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Our Waiheke Island Pit Stop

Our Waiheke Island Pit Stop

As Tra and I were walking up a hilly road on our trip back from swimming in the ocean we were talking about our short stay on the island.

“They are so great!” we kept saying. “There must be a catch, right? Am I missing something? Nobody can be this nice.”

I was worried that on our trip to Waiheke I would feel like an intruder in somebody else’s life. It was the middle of the week after all. From the moment I stepped off the ferry I never had a chance to feel that worry. Brodie and Sam went above and beyond to make us feel at home and make our short stay special.

When Tra, Grandma and I were planning our holiday break we made sure to fly back through Auckland so that we could visit my cousin Brodie on Waiheke Island. It’s not often that I get to visit a place like Waiheke. Sometimes New Zealand can feel like a tiny continent. When you look at a globe you might feel a bit confined, but it still feels big. You could drive through either island for weeks and still have places to explore. Waiheke feels like an island. The roads are small, fresh green life covers every square inch that isn’t holding a building and around every corner there is a new beach to explore. When I try and visualize my time in Waiheke everything is so bright. Brodie told us stories about celebrities and rich technology executives that purchased holiday homes on the island. Visiting the island felt exclusive yet cozy.

I hadn’t seen Brodie since I was 14 and I was dying to meet her partner Sam and their adorable little girls I had only seen through social media. Brodie is a natural mom. She’s what I imagine my favorite mommy bloggers to be like in real life. She is the queen of multitasking. She can hold a full conversation with me while feeding the baby, preparing for dinner and cleaning up after her toddler. Brodie is three years older than me and doesn’t own a cell phone by choice. When people say “oh I’m not on my phone that often and I don’t really use social media” I don’t really believe them. Brodie walks the walk. Although, she does make sure to post adorable photos of her girls on Instagram.

Their house is stunning. It sits high above the water and only a 10-minute walk from the nearest swimming beach. In the morning you can watch sailboats from the couch in the living room while drinking your morning coffee. We were lucky to catch the tail end of New Zealand’s summer so Tra and I took every chance we got to swim in the ocean. The water was the perfect depth and you could swim out 30 feet and still touch sand. On the edge of the beach where the surf hits the land the water was so clear you could watch groups of tiny shells being dragged by the waves. Also the waves were perfect for body-surfing; not too strong that they pulled you under and not too mild that you felt like you’re in a wave pool at an amusement park.

Brodie’s oldest daughter Bali is really cool. Not in a 2-year-old Fonzie kind of way, more like T-Swift cool. So cool, in fact, that I guarantee she’s too cool for you because most of the time she was too cool for me. She spends her days how I imagine a retired 2-year-old would: lounging on a beautiful tropical island, watering her vegetable garden, swimming in the ocean, making art and dancing to Justin Bieber. When I hung out with Bali she only gave me the illusion that I was in charge, everyone knew that in reality she was the one calling the shots.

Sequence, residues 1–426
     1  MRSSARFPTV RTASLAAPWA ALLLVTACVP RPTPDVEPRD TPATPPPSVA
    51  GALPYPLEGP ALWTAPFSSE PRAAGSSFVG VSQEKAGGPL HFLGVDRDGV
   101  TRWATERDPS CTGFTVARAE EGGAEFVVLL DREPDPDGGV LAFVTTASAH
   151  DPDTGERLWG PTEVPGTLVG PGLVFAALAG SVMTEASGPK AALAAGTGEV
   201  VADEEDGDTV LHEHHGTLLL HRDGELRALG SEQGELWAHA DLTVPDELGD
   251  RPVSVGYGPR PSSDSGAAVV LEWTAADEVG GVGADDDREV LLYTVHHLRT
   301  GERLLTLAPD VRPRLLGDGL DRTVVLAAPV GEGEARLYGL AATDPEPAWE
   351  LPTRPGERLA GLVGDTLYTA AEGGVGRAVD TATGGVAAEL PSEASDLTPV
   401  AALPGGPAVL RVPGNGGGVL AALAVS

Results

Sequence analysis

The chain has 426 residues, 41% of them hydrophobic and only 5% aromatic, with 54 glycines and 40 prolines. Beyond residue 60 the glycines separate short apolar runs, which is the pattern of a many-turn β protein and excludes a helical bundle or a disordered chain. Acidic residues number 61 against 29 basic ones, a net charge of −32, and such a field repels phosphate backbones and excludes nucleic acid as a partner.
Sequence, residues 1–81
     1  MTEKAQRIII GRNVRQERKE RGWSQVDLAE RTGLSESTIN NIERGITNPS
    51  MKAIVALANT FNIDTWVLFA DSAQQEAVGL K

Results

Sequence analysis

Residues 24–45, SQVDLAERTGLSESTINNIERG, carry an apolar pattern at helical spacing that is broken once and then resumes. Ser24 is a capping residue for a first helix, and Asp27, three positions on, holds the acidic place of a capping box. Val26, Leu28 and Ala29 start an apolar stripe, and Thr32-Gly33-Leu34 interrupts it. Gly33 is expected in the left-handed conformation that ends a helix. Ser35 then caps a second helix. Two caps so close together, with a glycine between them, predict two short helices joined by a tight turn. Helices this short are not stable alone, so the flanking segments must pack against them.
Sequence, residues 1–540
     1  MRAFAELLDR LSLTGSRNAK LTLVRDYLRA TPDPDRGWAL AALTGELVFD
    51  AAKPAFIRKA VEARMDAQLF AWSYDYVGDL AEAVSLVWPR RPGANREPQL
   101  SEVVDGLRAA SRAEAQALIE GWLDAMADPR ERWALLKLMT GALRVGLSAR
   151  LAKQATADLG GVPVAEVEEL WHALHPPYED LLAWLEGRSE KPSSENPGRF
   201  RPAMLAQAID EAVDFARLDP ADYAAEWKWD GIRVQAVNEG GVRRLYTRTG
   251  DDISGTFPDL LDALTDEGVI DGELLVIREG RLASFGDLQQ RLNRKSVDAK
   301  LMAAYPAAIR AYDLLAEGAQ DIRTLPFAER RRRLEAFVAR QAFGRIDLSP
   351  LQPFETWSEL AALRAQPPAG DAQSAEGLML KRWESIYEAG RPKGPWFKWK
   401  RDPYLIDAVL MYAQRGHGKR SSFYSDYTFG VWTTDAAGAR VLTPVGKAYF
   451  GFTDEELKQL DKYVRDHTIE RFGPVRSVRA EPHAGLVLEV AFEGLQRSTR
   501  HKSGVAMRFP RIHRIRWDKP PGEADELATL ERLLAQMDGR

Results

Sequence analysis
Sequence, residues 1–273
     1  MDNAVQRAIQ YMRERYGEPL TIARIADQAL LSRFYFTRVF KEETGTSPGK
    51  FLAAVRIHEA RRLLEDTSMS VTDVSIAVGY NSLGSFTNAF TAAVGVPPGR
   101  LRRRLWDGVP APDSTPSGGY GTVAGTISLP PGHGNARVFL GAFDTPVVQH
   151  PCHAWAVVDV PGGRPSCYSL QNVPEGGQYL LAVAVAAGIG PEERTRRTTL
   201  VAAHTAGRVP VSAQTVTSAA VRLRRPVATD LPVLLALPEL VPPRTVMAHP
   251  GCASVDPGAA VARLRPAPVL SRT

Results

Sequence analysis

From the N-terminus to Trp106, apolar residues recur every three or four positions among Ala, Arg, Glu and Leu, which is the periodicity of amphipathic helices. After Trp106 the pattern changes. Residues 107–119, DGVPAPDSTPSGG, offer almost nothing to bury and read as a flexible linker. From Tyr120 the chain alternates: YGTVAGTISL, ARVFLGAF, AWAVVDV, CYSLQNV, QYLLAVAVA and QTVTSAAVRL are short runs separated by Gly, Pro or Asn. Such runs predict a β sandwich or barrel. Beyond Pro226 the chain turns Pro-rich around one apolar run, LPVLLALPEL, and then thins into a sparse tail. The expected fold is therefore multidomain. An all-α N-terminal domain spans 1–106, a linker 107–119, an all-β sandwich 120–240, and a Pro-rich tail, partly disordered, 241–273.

Brodie and Sam used to live in Sydney where they owned a beautiful espresso shop right on the beach. Sam is more knowledgeable about coffee than anyone I’ve ever met, so I was excited to pick his brain. One day Sam made us some fantastic filtered coffee in a V60. They are always ordering new coffee online from all over the world. Sam happened to been waiting on beans from Portland when we arrived.

Brodie exposes Bali and India to the widest variety of foods I could ever imagined. Bali was captivated by foods I barely even knew existed. She ate avocado with organic herb paste on spelt bread and then asked for more. Brodie’s pantry was enough to make a hipster vegan Portlander gasp.

Even though in a lot of ways our lives are very different to Brodie and Sam’s we got along so well. They treated us like real adults. Spending the weekend with them was a breath of fresh air and a warm welcome back to New Zealand. It gave Tra and I and glance at where we could be in a few years.

At this point in our lives Tra and I are torn between two homes. Home will always be with our friends and family in the Pacific Northwest, but at the moment home feels like the place where we spend our days and rest our heads. The transition process from one home to the other has been tough and filled with emotion for both of us. Our time in Waiheke with Brodie, Sam and their beautiful girls refreshed our spirits and filled our minds with excitement for the rest of our New Zealand journey. It’s not every day that you feel like someone really gets you, and Brodie and Sam certainly made us feel that way. Tra and I loved every part of our stay and we can’t wait to return.

Music Pick of the Week

Each week I try and highlight an Indie music artist at the end of my blog post. If you would like me to consider your music please email me.